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The Storm
Over Drains


Twilight for a Tributary

A Stormwater Primer

Bend in the River

How to Slow the Flow

The RIver's Keeper


The rising tide of stormwater tops the list of sources for nitrogen and phosphorus inputs in Anne Arundel County (right, by Jack Greer). This runoff can wash sediment directly into the Bay's waterways, threatening underwater grasses and oysters, like those grown by Irene Hantman and her neighbors (below, by Skip Brown).

Oysters grown by Irene Hantman - Photo by Skip Brown
Who'll Stop the Rain?
The Challenge of Managing Stormwater

By Jack Greer

storm drain in Anne Arundel County - photo by Jack Greer

From the waters of Beards Creek Irene Hantman pulls a dripping line tied to the end of her community dock. At the other end floats a plastic crate full of oyster shells, and on those shells lie pale white juvenile oysters (or spat), about the size and shape of a fingernail, and almost as translucent. Hantman and a neighbor examine the spat's growth, but when Hantman pokes each developing shell, none of them close. Though the weather has remained relatively mild this year, she can see that the diminutive oysters have died. All of them.

Oysters have a tough time in Beards Creek. Salinity can drop fast here, when rainfall sends fresh water pouring in from the watershed, bad news for salt-loving oysters. But they've done well in other creeks nearby, and Hantman says that she has a gut-level intuition that there's something else that's making it hard for oysters to survive in Beards Creek.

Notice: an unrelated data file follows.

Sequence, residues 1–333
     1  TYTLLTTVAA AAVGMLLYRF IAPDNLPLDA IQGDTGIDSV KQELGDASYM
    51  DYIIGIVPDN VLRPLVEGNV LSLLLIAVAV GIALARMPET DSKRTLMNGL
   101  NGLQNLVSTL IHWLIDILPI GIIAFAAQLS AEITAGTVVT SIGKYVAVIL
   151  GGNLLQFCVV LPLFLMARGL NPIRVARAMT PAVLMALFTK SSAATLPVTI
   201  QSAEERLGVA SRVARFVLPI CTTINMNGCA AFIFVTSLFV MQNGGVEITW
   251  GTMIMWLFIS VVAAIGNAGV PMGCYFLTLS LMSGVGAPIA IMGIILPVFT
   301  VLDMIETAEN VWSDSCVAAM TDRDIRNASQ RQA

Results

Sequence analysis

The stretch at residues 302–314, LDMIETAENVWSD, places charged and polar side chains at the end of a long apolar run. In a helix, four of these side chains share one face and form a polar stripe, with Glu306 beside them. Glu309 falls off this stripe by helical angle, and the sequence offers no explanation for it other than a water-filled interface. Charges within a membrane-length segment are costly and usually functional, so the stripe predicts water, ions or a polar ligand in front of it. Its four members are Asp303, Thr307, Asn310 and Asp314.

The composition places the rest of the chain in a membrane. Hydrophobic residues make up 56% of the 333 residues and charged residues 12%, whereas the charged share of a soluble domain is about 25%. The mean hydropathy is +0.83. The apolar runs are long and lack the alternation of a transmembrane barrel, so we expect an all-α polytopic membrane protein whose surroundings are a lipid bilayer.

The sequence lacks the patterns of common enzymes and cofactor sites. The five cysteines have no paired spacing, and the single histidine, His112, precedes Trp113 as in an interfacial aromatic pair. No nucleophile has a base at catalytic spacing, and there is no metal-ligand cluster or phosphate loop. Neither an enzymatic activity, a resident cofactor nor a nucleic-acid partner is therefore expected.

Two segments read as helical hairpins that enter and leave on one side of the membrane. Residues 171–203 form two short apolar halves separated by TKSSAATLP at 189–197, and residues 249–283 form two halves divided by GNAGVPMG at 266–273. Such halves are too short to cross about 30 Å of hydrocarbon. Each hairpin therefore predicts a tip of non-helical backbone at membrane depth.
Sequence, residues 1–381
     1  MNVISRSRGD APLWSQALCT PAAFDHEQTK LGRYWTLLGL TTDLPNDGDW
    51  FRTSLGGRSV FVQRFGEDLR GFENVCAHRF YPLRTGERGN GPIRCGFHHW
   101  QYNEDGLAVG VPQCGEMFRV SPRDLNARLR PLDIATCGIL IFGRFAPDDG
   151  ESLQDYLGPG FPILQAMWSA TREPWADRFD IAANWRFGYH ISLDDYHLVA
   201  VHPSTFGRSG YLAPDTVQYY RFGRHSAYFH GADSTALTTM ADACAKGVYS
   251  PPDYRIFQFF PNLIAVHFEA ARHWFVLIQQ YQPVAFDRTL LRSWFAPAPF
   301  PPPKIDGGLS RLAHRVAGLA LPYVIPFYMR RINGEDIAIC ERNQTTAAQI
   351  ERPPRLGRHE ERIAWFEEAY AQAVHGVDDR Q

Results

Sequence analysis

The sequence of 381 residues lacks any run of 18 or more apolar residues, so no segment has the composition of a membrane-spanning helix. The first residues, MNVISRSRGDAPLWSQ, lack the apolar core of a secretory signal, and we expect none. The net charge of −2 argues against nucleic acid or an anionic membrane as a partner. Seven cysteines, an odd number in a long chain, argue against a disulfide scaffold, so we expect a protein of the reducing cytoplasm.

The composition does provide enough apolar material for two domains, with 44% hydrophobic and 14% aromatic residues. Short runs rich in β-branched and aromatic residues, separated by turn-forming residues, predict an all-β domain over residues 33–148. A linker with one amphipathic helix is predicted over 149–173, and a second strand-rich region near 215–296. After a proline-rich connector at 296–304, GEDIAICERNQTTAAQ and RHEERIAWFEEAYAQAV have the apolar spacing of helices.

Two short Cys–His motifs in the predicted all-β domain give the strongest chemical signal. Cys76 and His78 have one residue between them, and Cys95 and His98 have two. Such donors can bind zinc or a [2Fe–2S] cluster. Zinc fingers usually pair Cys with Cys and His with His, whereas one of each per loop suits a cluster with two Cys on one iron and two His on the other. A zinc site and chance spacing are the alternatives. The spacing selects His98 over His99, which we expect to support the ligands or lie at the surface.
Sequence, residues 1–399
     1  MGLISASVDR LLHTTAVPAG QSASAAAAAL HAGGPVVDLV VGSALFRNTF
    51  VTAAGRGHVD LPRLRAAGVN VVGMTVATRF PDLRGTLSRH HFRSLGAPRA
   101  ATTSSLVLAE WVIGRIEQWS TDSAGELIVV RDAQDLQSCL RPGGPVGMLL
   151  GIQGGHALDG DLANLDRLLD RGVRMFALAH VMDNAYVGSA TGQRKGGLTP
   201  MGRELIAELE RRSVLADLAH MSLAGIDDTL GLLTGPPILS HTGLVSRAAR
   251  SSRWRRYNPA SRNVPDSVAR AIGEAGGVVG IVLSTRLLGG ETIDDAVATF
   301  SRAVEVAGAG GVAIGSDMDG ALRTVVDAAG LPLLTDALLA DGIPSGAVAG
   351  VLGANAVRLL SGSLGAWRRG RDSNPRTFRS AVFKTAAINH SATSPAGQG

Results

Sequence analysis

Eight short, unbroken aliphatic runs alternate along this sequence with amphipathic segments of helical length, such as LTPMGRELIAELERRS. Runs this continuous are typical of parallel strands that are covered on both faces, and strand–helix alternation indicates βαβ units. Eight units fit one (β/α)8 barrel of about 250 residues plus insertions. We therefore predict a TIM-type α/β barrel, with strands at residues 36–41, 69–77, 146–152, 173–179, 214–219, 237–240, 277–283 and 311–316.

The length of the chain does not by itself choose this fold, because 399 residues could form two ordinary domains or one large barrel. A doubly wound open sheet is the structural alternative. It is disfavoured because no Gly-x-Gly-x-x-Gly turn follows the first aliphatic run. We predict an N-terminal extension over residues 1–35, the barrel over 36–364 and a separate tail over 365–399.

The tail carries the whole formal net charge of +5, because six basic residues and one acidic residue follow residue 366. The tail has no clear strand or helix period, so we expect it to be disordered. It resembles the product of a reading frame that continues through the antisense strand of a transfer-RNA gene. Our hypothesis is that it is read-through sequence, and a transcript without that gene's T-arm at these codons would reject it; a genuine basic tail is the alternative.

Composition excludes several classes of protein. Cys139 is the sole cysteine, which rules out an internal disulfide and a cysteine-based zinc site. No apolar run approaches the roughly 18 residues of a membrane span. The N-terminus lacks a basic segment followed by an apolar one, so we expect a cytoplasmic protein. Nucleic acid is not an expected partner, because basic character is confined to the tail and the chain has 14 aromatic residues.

For almost five years now Hantman and her neighbors have watched the creek's waters change color, especially just after a rain. Brown plumes work their way out from storm drain outlets on both sides of their community — from a pipe right by the community pier and from a marshy outlet to the south, where stormwater finds its way from neighborhood streets and roads and, increasingly, from construction sites.

Hantman and her neighbors believe that this fine cloud of clay and silt has killed their oysters and hurt the creek — they are well aware that scientists have fingered cloudy waters as a prime suspect in the disappearance of underwater grasses. And they know that sediment can cover and smother oyster bars.